Part of what makes The Parallax View fun is that at this point, the astute moviegoer is so caught up in the technique—Alan Pakula knew his shit, and his DP on this picture was Gordon Fucking Willis, so the pace is just slow enough to drive you batshit with suspense and there's always cool shit to look at—that the nagging thought “wait a minute, the evil white guys have to be playing Warren Beatty for a chump” doesn't even start nagging until it occurs to Warren . . . at the very moment that he's totally fucked, when a second politician is assassinated. Then there's the iconic shot of Warren hauling ass down the hallway. And then the evil white guys kill him and frame him for the second assassination, attributing his motive to his irrational obsession with a “non-existent” conspiracy surrounding the first assassination.

The problem with The Parallax View is that it's one of those movies where when you lay out what happens in writing like this, it sounds stupid. The three reasons why The Parallax View is not stupid, and is in fact an important cautionary tale about the dastardly acts of evil white guys in suits that still resonates today:

Warren Beatty. It took me a really long time to come around on Warren Beatty, because the first movie I ever saw of his was Dick Tracy, which sucked walrus schlong, and thanks to one of the funniest song intros in the history of rock 'n' roll, I had this image of Warren Beatty as this old fuddy duddy. Au contraire, home fuck. Once upon a time, in a land far far away, Warren Beatty bestrode the earth, a behemoth, fucking anything that came across his path, starring in some of the finest motion pictures ever produced in the United States of America. Bonnie and Clyde. Shampoo (the fact that Warren Beatty made a really good, really cool movie called “Shampoo” is but another badge of his demigod status). And by Christ that motherfucker had some good hair.

Alan Pakula. The way this movie is directed, it could have come out this decade. (Not talking about stuff like Warren Beatty would have had computers and cell phones, just talking about pace, cuts, mise en scene, that kinda thing). Note also that he managed to make a good movie with Jane Fonda in it, so we're talking about a major talent. And in All The President's Men, Mr. Pakula proved that he could make a cool movie without the handicaps of shitty acting and/or ludicrous plot.

Gordon Fucking Willis. Look at this resume. Best DP of the 70s? Well . . . Michael Ballhaus, Vittorio Storaro, and Vilmos Zsigmond might want to have a word with you, but those cats are basically playing rock paper scissors to determine alpha status. In The Parallax View, every shot is awesome. The best ones are, of course, the slow push in on the tribunal at the beginning that rubber-stamps the evil white guys' skullduggery, and the slow pull out from the same tribunal at the end, rubber-stamping the evil white guys' villainous martyring of St. Warren Beatty, patron of fall guys with nice hair.

One could advance the theory that The Parallax View being imperfect is another clever ruse by the evil white guys to get civilians to not take their menace seriously. I say we resist this ploy, and venerate The Parallax View. Even if the political necessity to bring evil white guys to justice is a little deep for you on the wrong evening, pop in this DVD and just groove on Warren Beatty's fucking hair. And maybe, just maybe, the message will sink in anyway.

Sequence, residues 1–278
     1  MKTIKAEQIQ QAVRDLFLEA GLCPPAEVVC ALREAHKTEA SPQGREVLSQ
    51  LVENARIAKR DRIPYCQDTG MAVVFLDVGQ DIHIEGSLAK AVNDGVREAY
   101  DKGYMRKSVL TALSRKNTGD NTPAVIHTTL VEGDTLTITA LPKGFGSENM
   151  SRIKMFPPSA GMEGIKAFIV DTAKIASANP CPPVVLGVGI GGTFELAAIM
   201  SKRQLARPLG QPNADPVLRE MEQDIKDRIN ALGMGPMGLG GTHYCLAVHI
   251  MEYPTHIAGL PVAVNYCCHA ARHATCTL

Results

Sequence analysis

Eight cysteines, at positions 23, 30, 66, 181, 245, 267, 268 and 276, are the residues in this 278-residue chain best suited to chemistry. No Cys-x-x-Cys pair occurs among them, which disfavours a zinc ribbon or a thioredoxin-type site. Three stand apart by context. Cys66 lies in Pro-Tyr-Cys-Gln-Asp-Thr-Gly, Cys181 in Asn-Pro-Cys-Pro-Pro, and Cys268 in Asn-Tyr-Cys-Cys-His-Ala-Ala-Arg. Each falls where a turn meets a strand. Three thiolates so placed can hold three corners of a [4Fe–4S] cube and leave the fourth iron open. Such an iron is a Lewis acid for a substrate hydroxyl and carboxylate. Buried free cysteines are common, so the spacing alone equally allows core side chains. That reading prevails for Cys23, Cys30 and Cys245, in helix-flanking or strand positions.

Thursday, February 25, 2010


Courtesy of my good friend Eric Winick comes this masterpiece. In honor of International Kick Lars Von Trier In The Balls Day (celebrated 365 times annually), I share it with you. Remember to commemorate this holiest of holidays by kicking Lars von Trier in the balls. Do it for the children.

Wednesday, February 24, 2010


As a student of the human condition—with a specialty in the more retarded aspects thereof—I spend time lurking various internet fora. The less essential the subject, the more entertaining the forum. As much as I love movies and am consumed by them, I will grant that there are more important things in the world. You'd never get that concession out of your average imdb forum regular.

Matters of life and death are discussed on imdb, thousands of times a minute. Whether The Shawshank Redemption, The Dark Knight, or Avatar is the greatest movie ever made. Multiple, endless threads entitled “Quentin Tarantino: Does He Steal or Pay Homage?” And, most importantly for what I'm leading up to talking about, everyone's “My top 5 directors” list. The greatest thing about these lists is that a good 90% of them consist of the same five directors in various order, and if you relied exclusively on imdb for your assessment of who was who in movies, it would not be difficult to come away with the impression that the following five men are the only people who've ever directed a movie:

Stanley Kubrick
Akira Kurosawa
David Lynch
David Fincher
Christopher Nolan

Not a bad group of directors, by any reckoning. The wallpaper on my desktop is a self-portrait Stanley Kubrick took at the age of 16, so you won't get me to knock Kubrick (“misanthropic” and “fucking Martian” are terms of endearment.)